In National Reconciliation Week 2021, Football Coaches Australia is pleased to present FCA XVenture Essential Skills program scholarships to Tiffany Stanley and Bryce Deaton, who both coach for John Moriarty Football (JMF).
Australia’s Reconciliation theme for 2021 is ‘More than a word’. Reconciliation takes action, action which urges the reconciliation movement towards braver and more impactful progress.
Providing Tiffany and Bryce with this FCA XV scholarship opportunity will support them to achieve their goals on their coaching journey.
In awarding the FCA XV scholarships FCA Glenn Warry said: “FCA strongly believes that much more can be done to encourage and support Indigenous Australians to become qualified coaches. At the moment, there are very few Indigenous coaches in the Australian football ecosystem. This is a concerning reality and one we would like to help address now and in the coming years.”
JMF is Australia’s most successful and longest-running Indigenous football program. A transformational skills mastery initiative for 6–18-year-olds, JMF uses football for talent and positive change, improving school attendance and achieving resilient, healthier outcomes in Indigenous communities.
Each week JMF reaches nearly 2,000 Indigenous children in 18 communities across four regional hubs in Dubbo (NSW), Kuranda (QLD), Tennant Creek (NT) and Borroloola (NT).
JMF Co-Founder and Co-Chair and the first Aboriginal to be selected to play football for Australia, John Moriarty, said: “We are very proud of Tiffany and Bryce and their achievements. One of JMF’s biggest strengths is our local coaches of which 63 percent are Indigenous and 40 percent are female.
“Local employment and capacity building is at the heart of what we do and Tiffany and Bryce are wonderful ambassadors for us. Both have achieved a great deal and it is because of their hard work we’ve been able to change the lives of so many Indigenous children and their families,” Mr Moriarty added.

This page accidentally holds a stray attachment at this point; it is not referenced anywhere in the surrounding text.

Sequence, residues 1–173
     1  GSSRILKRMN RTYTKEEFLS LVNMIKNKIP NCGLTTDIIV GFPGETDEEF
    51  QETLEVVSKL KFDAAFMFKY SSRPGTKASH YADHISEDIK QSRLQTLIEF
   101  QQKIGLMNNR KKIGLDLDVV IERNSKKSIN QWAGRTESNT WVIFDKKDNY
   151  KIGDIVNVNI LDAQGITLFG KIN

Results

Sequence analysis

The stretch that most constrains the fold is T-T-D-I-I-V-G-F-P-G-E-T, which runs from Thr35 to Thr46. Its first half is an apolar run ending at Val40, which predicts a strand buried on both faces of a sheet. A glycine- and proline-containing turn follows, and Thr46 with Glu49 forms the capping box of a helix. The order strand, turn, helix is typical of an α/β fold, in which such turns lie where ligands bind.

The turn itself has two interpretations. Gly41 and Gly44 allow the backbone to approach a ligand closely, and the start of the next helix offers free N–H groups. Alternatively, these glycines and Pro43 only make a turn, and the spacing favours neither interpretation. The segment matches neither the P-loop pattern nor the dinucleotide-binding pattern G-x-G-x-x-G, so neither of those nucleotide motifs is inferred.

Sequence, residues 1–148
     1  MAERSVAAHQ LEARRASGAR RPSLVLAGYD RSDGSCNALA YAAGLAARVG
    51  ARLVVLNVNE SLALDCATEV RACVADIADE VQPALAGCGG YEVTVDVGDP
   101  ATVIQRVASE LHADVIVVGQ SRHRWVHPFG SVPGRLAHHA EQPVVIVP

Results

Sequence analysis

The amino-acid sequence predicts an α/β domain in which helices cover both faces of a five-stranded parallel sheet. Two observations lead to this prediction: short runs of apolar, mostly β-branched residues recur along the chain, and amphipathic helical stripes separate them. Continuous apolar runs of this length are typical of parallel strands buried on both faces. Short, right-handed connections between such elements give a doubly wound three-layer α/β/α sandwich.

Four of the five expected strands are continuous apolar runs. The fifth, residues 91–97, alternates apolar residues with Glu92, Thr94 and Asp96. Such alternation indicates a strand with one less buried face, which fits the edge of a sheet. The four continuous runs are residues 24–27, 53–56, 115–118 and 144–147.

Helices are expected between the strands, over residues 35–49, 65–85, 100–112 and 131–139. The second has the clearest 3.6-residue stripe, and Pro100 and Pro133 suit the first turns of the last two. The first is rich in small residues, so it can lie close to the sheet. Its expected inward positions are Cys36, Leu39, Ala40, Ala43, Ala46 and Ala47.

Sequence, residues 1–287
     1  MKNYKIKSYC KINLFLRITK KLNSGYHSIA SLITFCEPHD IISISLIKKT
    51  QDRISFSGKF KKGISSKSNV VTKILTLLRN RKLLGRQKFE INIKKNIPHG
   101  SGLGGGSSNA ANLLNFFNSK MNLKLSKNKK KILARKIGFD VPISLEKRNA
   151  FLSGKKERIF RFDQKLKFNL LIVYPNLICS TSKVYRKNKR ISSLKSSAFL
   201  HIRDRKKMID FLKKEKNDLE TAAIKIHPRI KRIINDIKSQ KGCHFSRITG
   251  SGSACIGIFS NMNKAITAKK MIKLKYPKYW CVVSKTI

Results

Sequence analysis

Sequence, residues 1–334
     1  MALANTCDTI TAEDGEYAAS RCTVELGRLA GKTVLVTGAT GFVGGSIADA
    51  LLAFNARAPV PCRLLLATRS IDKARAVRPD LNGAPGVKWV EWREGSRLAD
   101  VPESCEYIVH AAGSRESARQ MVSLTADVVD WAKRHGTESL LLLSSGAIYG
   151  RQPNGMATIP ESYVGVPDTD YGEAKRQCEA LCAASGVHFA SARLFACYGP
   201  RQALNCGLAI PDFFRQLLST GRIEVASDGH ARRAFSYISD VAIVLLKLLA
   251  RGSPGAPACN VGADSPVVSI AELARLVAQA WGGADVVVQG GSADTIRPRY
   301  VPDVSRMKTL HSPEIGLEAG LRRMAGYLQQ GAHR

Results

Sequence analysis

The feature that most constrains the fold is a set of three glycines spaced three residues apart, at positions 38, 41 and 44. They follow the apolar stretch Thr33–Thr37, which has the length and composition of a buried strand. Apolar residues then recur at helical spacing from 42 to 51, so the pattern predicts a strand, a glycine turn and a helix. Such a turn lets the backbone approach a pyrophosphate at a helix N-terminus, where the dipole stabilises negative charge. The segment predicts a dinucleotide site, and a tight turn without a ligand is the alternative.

A key focus of JMF is “building local staff capacity through mentoring, education and skills development to access best practice ideas and experience”. These scholarships will support that focus.
Wiradjuri woman Tiffany Stanley is a Community Coach at JMF’s Dubbo hub and is currently the holder of the AFC/FA C License.
“I’ve been coaching for almost two years and I believe it’s only the beginning for me. I want to become the best coach I can be and I believe that this scholarship will give me the opportunity to better myself, help my football coaching knowledge and to help me achieve my educational and coach career goals which are to have a positive mindset and attitude,” she said.
“I want to become a great leader and role model for young Indigenous kids. My biggest goal would be to become the first Indigenous woman to coach the Matildas.”
Aniwan man Bryce Deaton is Head Coach and Mentor at JMF’s Dubbo hub and is currently the holder of an AFC/FA Youth C License.
“This scholarship would give me the opportunity to expand my understanding of how I can improve the way I interact with players and coaches to ensure that I am able to give them the best support they need to succeed in what they want to do, especially in football,” he said.
“I am a huge advocate that coaching has evolved where we are no longer coaching a team, but a group of individuals, where everyone learns, strives, and understands at completely different levels, and as coaches we need to ensure a player is developing continuously.
“I would love to continue through my Coaching Qualifications (including GK levels) to strengthen my contribution to regional NSW football and then on to the elite club level as a GK coach. My biggest goal would be to develop elite programs to continually produce the next players to bring success to the national team.”
Founder of XVenture Mike Conway works with, and mentors, elite players and coaches worldwide.
“We are delighted to be able to support the future of Australian coaching talent with these scholarships for the John Moriarty Foundation. Their work is so important,” he said.
“The more we can provide positive learning, growth and development opportunities for young coaches, the brighter their lives and the future of our game will be.”